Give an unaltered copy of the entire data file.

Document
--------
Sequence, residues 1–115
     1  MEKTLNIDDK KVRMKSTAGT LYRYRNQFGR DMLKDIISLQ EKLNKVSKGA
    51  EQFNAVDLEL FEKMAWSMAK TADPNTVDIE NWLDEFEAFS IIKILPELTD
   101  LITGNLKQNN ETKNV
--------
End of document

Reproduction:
Sequence, residues 1–115
     1  MEKTLNIDDK KVRMKSTAGT LYRYRNQFGR DMLKDIISLQ EKLNKVSKGA
    51  EQFNAVDLEL FEKMAWSMAK TADPNTVDIE NWLDEFEAFS IIKILPELTD
   101  LITGNLKQNN ETKNV